Monday, September 22, 2014
Review: 'Fire Shut Up in My Bones'
By Charles Blow
Houghton Mifflin Harcourt
The youngest of five boys in an extended family where one was rarely alone, where great effort was put into using the gifts of the land to feed everyone, where men and women rarely stayed married to each other but had bonds that didn't break, and where dignity and respect shone, Charles Blow remembers those days of his boyhood and young adulthood and brings them vividly to life in his memoir.
Fire Shut Up in My Bones recounts Blow's journey from a hardscrabble family held together by strong-willed women to the beginning of his career as a respected New York Times commentator. His story from child to man has some foundational points that show why he is respected today.
Poverty is there, but it is a story of how family members individually and working together did the best they could and, in some cases, surmounted it. His mother is an inspiration in showing that she didn't give up, not even with a brood of children and an absent husband. She made it back to school and became a teacher and an educational leader. And didn't give up on her children.
Her drive and determination are not sugar-coated, but told simply. So are the tales of how the family was fed, whether through growing their food or taking advantage of a highway wreck involving a load of cattle, much in the way cargo from shipwrecks is saved by coastal dwellers. They all must deal with Jim Crow racism as well, which is strongly interwoven into the generational poverty.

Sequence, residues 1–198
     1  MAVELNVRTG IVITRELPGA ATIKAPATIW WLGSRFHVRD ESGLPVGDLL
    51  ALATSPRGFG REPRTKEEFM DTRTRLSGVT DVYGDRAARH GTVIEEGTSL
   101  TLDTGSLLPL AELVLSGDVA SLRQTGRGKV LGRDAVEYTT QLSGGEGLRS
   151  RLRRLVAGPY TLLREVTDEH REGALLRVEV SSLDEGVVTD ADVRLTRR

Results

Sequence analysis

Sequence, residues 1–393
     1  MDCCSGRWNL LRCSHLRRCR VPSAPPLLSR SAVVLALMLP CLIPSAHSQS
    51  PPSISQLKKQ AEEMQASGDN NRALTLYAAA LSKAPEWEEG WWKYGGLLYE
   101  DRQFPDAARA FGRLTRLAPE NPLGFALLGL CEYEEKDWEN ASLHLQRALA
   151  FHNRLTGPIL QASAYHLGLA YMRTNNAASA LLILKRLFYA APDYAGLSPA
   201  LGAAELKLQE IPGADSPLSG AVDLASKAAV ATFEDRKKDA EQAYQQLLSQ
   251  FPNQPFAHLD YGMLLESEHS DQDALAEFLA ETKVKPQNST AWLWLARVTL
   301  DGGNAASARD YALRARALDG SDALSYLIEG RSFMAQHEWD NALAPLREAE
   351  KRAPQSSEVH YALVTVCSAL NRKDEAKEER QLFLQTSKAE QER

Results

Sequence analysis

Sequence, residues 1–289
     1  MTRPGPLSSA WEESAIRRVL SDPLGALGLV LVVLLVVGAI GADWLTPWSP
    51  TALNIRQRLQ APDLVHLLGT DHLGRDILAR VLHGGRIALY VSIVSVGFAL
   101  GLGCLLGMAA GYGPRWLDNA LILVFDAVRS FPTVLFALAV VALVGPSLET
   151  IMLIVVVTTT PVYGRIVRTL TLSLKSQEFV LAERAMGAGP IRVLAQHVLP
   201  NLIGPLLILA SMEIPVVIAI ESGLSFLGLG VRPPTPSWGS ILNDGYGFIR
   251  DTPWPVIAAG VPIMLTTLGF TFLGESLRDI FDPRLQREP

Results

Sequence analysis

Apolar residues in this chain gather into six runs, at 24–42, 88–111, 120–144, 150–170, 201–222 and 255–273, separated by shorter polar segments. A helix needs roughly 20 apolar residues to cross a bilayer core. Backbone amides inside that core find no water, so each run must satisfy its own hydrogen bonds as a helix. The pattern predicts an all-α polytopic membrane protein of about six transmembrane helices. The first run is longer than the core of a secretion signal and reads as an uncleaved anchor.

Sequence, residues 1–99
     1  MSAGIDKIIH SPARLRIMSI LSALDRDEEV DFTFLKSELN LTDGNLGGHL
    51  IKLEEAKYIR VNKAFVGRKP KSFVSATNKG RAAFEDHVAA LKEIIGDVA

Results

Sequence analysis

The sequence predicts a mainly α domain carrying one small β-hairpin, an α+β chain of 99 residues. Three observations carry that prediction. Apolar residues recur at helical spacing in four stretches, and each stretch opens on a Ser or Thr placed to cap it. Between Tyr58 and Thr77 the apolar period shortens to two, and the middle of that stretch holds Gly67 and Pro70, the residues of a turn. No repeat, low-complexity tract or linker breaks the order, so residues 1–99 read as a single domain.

Another foundational point is Blow's search for knowing himself, including his sexuality. He was abused as a child and it both scared him and scarred him. As with many abuse victims, he thought he had done something wrong, especially as the abuser was someone he initially admired. Part of his recovery process includes a search through his spirituality, told in plain, heart-searching fashion.
Blow does his readers the service of not glossing over any of his own missteps, including things he did that he is not proud of as a fraternity leader during his college days. The harm done in hazing to both abuser and victim is not connected with his physical abuse, but the way he has to work through both hazing and sexual abuse demonstrates that if a person continues to question, they can find answers.
This memoir is a stirring account of how one child became a man, carrying on the respect he learned from his strong family members while seeing ways he could leave the hurtful acts behind.
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